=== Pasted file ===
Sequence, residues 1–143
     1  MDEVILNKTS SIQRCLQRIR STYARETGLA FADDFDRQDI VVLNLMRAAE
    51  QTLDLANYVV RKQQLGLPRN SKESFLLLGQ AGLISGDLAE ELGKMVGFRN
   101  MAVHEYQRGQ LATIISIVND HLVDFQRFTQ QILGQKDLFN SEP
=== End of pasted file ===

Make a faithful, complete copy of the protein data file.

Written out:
Sequence, residues 1–143
     1  MDEVILNKTS SIQRCLQRIR STYARETGLA FADDFDRQDI VVLNLMRAAE
    51  QTLDLANYVV RKQQLGLPRN SKESFLLLGQ AGLISGDLAE ELGKMVGFRN
   101  MAVHEYQRGQ LATIISIVND HLVDFQRFTQ QILGQKDLFN SEP